The research suggests that children who are not given opportunities to learn to control their own food intake may stop trusting their bodies’ cues about when they are hungry and thus be at higher risk of obesity.  I looked into this a bit further and found a literature review titled Parental Influence on Eating Behavior (by Jennifer S. Savage, Jennifer Orlet Fisher, and Leann L. Birch).

The authors describe factors shaping the development of children’s food preferences and eating behaviors during the first years of life.  They were interested in looking at eating habits passed on from previous generations (habits that may have been formed in response to times of dietary scarcity such as during WWI, the great depression, and WWII) and the impact of those habits during conditions of relative caloric abundance, such as we find today in nations like Canada and the US. They sought to identify patterns of food intake which contribute to accelerated weight gain and obesity.

Here are some of their conclusions:

  • If we want children to learn to like and eat healthy foods such as vegetables, they need early, positive, and repeated experiences with those foods, as well as opportunities to observe others consuming those foods.
  • The natural tendency of children to prefer sweet or salty, caloric rich foods over energy-poor but micronutrient-rich alternatives highlights the need for adult intervention to provide a varied and healthful diet.
  • Caregivers play a critical role in determining which kinds of foods will become familiar to their children – from the foods kept routinely in the cupboard to those served regularly at the family table and even those consumed away from home.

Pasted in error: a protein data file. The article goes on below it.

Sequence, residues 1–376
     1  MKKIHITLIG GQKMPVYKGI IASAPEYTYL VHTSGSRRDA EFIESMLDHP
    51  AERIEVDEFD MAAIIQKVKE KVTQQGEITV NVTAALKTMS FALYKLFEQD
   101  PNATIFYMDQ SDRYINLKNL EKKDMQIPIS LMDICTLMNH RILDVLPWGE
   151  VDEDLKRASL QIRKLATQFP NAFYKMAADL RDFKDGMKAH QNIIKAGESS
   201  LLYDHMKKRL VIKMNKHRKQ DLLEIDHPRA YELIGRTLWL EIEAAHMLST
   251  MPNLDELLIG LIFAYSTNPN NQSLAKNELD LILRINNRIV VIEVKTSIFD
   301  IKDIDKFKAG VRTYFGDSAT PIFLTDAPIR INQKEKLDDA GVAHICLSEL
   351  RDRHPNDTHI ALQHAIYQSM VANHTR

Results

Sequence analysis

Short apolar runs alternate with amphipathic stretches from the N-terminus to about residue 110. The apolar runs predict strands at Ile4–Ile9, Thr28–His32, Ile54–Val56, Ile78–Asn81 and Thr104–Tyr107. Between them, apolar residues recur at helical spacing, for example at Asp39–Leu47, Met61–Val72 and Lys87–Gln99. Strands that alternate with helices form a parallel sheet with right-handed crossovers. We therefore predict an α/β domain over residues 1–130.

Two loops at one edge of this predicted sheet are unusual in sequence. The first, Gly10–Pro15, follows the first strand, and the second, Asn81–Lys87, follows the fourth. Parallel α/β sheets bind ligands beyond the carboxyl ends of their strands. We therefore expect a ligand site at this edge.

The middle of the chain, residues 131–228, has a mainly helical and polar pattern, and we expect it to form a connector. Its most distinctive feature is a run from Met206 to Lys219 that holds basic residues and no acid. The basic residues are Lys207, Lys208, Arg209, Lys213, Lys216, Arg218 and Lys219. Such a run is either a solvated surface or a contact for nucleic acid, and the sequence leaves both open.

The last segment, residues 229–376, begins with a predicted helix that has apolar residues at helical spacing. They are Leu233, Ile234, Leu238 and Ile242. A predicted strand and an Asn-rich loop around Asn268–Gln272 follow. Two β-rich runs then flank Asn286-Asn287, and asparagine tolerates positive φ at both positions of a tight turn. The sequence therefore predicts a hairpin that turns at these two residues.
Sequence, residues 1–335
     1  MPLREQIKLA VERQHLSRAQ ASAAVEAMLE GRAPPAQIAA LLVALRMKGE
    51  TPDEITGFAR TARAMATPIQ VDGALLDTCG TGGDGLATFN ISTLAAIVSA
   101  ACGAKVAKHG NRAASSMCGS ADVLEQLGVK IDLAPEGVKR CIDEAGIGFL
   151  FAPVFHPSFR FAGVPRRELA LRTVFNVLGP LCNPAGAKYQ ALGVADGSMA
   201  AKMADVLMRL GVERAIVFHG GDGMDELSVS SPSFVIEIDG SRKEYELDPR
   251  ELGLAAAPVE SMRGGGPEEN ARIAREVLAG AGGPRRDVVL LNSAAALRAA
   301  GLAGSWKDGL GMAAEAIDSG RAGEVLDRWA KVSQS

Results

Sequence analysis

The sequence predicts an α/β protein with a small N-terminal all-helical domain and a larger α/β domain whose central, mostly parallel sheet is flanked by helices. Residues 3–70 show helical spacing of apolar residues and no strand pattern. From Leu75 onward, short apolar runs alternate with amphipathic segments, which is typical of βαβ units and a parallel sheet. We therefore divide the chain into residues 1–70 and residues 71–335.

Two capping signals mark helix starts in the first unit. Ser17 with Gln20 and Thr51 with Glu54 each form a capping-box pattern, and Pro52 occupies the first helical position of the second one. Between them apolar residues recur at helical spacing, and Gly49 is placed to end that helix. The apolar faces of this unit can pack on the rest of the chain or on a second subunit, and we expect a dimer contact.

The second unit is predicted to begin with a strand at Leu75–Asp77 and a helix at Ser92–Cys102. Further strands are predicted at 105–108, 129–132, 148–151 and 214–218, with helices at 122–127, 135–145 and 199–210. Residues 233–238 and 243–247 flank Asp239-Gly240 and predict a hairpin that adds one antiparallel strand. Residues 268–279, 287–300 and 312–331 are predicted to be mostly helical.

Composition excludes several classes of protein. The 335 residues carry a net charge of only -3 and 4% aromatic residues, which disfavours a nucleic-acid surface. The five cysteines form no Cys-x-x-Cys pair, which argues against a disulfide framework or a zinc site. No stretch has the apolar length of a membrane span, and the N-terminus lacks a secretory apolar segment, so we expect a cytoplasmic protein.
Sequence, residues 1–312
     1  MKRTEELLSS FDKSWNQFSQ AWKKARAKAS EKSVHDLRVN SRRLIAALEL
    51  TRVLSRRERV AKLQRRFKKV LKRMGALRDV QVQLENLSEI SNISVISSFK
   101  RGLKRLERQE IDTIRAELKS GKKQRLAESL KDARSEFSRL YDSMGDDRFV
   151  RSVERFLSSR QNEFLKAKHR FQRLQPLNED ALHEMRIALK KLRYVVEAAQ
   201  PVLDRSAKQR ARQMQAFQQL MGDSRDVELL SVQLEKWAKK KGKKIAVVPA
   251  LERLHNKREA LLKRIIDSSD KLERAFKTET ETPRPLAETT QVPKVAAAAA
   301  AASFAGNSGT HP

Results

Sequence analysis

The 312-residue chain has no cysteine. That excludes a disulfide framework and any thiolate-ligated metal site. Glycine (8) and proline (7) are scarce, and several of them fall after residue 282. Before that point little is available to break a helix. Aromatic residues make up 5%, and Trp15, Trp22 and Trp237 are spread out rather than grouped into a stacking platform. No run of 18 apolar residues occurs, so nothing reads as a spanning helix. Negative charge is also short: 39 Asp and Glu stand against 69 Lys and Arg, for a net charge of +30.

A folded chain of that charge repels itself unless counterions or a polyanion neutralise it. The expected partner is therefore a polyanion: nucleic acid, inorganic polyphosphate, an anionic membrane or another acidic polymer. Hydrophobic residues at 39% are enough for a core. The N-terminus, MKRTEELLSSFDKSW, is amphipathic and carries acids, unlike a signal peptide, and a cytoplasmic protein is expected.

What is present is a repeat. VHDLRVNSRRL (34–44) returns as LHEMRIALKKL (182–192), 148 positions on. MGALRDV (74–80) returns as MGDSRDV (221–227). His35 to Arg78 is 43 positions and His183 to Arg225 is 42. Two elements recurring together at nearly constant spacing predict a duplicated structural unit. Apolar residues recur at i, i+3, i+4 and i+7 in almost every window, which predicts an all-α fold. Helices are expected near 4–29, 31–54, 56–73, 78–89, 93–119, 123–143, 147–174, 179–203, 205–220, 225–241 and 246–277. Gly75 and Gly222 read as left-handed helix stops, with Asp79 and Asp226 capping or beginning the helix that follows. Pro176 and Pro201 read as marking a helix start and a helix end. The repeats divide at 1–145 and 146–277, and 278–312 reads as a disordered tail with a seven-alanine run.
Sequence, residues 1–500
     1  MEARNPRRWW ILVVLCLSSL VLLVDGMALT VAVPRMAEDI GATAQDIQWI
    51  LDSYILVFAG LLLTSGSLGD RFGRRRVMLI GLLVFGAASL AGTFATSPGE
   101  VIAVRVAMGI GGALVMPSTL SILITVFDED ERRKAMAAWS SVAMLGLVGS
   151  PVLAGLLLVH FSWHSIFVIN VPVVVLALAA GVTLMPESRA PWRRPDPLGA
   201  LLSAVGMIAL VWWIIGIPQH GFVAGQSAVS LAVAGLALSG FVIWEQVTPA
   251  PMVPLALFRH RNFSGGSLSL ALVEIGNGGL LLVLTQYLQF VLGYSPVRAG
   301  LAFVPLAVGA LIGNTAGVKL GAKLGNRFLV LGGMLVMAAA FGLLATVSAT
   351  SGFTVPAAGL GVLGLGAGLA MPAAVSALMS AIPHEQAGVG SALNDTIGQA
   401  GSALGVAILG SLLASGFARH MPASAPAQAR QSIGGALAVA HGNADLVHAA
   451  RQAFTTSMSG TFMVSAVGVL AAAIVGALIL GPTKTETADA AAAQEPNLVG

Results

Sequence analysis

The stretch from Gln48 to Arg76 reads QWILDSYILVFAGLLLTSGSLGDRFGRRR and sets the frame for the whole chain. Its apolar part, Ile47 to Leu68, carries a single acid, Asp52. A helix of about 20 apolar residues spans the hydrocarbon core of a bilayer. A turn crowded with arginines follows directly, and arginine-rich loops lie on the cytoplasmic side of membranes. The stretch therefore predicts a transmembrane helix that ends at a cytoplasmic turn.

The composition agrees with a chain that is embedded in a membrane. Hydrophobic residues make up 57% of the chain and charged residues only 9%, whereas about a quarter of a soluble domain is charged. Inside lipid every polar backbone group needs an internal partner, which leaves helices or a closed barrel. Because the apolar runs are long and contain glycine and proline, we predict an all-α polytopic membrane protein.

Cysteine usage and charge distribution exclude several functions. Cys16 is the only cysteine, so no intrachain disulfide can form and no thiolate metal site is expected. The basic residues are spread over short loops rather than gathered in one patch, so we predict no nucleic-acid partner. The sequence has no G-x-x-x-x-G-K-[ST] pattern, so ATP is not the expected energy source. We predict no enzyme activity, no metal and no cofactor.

• Evidence regarding the poor nutritional quality of table foods infants and toddlers are consuming as they transition to the adult diet reveals a need for parental guidance regarding the importance of offering healthy foods, avoiding restrictive and coercive feeding practices and serving as positive models of eating behavior for their infants and young children.
  • Although children possess an innate ability to self-regulate their energy intake, the extent to which they exercise this ability is determined by environmental conditions: for example, offering large food portions, calorically rich, sweet or salty palatable foods; the use of controlling feeding practices that pressure or restrict eating; and the modeling of excessive consumption can all undermine self-regulation of energy intake in children.
  • Traditional child feeding practices, which involve promoting children’s intake, can be maladaptive in the current food environment where food surfeit, obesity, and chronic disease have replaced food scarcity and infectious disease as major threats to children’s health.
  • In the current context, feeding strategies that are responsive to children’s hunger and satiety cues and which encourage children’s attention to hunger and fullness are needed to support self-regulation.